Starting salary: $49,000
Top selling point: Government jobs galore
Biggest drawback: Nonstop politics can be party poopers

Working for the federal government means two things for young adults: big paychecks and job security. Uncle Sam employs roughly 300,000 people in the District of Columbia, explaining why unemployment for the D.C. metro area hovers at 6%, two-thirds the national average. While rent and living costs admittedly trend high, young college grads in D.C. can expect to make 17% more than their peers elsewhere. And many up-and-coming neighborhoods in the District offer great culture, relatively affordable housing and good transportation options. Consider Columbia Heights, Shaw-Howard and the newly developed H Street Corridor, all of which brim with bars, restaurants and music venues.

Colorado Springs, Colo.

Metro population: 645,613
Residents ages 20-29: 15.1%
Cost-of-living score: 91.8
Monthly rent: $802
Starting salary: $42,300
Top selling point: Live the Rocky Mountain high life
Biggest drawback: Urbanites need not apply

For young adults, Colorado Springs offers a tempting combination of good starting salaries in a stable defense- and tech-based economy, plus low rents and living costs. Northrop Grumman, Lockheed Martin and Atmel rank among the city’s top employers, while several finance, defense and technology companies announced plans to expand this year. Located in the Rocky Mountains, 70 miles south of Denver, Colorado Springs is already well-known to outdoorsy types. The 14,110-foot Pike’s Peak sits directly above town, and the city’s “complete streets” policy makes it ideal for urban bikers. Plus, groceries and many other everyday expenses are less here than in any city on our list.

Chicago, Ill.

Metro population: 9,461,105
Residents ages 20-29: 14.0%
Cost-of-living score: 114.4
Monthly rent: $882
Starting salary: $44,300
Top selling point: Better job growth (and pizza) than New York or Los Angeles
Biggest drawback: It really is windy

Chicago added nearly 17,000 jobs last year, gaining jobs even as other big cities such as New York and Los Angeles lost them. That’s not the only advantage Chicago holds over its coastal peers. While salaries skew high, as in similar metropolises, living costs remain reasonable by comparison. Rent, for example, runs about 20% less in the Windy City than in the Big Apple. Twentysomethings can expect to earn above-average wages at companies such as AT&T, United Continental and JPMorgan Chase, some of the city’s largest private employers. Then they can put that extra take-home pay toward Chicago’s storied nightlife and culture, the plethora of professional sports teams and arguably the country’s best improv.

Madison, Wis.

Metro population: 568,593
Residents ages 20-29: 17.3%
Cost-of-living score: 108.1
Monthly rent: $804
Starting salary: $41,200
Top selling point: Equal parts quirky, ascendant and affordable
Biggest drawback: Nearly four feet of snow every winter

Average paychecks for young adults aren’t anything to brag about, but Madison does pride itself on other unparalleled pros: steady job growth, a perennially low unemployment rate and a huge population of twentysomethings. The Wisconsin capital has added more than 24,500 jobs since 2000, and state officials recently announced plans to add 25,000 more bioscience jobs in the next five years. Madison is also known for its quirky, progressive and hyper-literate urban culture. Satirical stalwart The Onion got its start here in 1988, and the University of Wisconsin, a host of music venues and one of the country’s largest farmers’ markets call Madison home.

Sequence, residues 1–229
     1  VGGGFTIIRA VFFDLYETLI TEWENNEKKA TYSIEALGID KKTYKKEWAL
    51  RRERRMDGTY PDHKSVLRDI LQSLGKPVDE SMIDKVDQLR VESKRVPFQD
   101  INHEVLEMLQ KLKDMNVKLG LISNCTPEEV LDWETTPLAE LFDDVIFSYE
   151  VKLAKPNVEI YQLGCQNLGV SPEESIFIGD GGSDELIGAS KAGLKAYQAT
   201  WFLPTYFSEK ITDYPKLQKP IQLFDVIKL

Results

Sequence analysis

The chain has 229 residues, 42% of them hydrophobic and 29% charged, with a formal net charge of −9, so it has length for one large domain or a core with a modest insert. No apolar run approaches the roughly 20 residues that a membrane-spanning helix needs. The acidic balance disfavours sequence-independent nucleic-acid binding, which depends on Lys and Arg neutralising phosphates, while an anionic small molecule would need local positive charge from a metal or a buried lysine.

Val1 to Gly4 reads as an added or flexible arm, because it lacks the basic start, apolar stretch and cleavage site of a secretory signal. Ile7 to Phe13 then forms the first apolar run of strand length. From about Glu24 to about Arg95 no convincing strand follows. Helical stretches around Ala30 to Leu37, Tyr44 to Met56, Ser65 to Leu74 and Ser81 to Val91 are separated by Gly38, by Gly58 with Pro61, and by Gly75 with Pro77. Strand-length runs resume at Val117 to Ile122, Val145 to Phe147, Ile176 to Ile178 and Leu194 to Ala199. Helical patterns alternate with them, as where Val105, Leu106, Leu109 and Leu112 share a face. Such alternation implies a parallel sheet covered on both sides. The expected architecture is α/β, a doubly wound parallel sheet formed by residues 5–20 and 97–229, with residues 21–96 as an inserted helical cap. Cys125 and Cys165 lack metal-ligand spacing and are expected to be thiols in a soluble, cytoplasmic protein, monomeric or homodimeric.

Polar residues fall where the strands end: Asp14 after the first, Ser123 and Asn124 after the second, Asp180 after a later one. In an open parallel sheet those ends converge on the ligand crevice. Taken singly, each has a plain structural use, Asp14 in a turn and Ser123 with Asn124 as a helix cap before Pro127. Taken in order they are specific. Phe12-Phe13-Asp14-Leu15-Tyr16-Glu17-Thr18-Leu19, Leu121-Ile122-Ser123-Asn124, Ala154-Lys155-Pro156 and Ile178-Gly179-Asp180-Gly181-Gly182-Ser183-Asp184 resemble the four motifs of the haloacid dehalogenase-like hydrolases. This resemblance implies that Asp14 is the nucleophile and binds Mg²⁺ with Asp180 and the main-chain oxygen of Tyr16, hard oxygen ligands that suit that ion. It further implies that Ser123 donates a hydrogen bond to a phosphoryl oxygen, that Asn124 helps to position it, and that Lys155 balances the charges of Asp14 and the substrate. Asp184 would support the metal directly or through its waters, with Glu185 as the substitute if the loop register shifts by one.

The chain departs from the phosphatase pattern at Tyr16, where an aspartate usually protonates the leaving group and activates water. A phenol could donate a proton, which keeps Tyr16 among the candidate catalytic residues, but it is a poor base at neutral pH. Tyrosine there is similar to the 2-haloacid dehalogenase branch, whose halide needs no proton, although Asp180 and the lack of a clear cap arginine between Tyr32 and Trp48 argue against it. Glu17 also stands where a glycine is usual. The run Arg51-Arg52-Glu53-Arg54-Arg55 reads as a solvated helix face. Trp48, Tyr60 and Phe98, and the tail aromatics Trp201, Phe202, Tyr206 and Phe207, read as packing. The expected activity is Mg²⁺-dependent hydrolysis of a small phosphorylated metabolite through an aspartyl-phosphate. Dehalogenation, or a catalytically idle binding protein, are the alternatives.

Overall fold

Atlanta, Ga.

Metro population: 5,268,860
Residents ages 20-29: 13.6%
Cost-of-living score: 97.5
Monthly rent: $897
Starting salary: $43,300
Top selling point: Southern hospitality sans the expense
Biggest drawback: Unemployment runs higher than average

Atlanta is one of the few major metropolitan areas where young adults can enjoy higher-than-average paychecks, plenty of opportunity at premier corporations, and world-class culture and nightlife -- all at a cost of living below the national average. In fact, Atlanta boasts the third-largest number of Fortune 500 companies in the U.S. Outfits such as Home Depot, UPS and Coca-Cola tend to pay well: A young, college-educated Atlantan’s salary tops the national median by $1,400 annually. Hip, eclectic neighborhoods such as Little Five Points and Virginia-Highland keep twentysomethings busy in the off-work hours.

New York, N.Y.

Metro population: 18,897,109
Residents ages 20-29: 14.1%
Cost-of-living score: 220.7 (Manhattan only)
Monthly rent: $1,072
Starting salary: $47,500
Top selling point: The city never sleeps
Biggest drawback: The cost of living will keep you up at night

Yes, Manhattan can be obscenely expensive, but you can’t deny that New York has inspired more dreams than any city in the world. About 3.7 million people work in the five boroughs, employed in every imaginable industry. Those jobs -- as well as New York’s unparalleled nightlife, arts and culture -- have drawn young hopefuls for generations. College grads with up to three years’ experience earn $5,600 more than the national average annual salary. While New York’s amenities come at a cost, you can dampen the expense, especially for rent, by moving to up-and-coming outer neighborhoods. Living costs are 17% lower in Brooklyn than in Manhattan, for example, and 31 percent less in Queens.

Follow Caitlin and the whole Starting Out Kiplinger team on Twitter.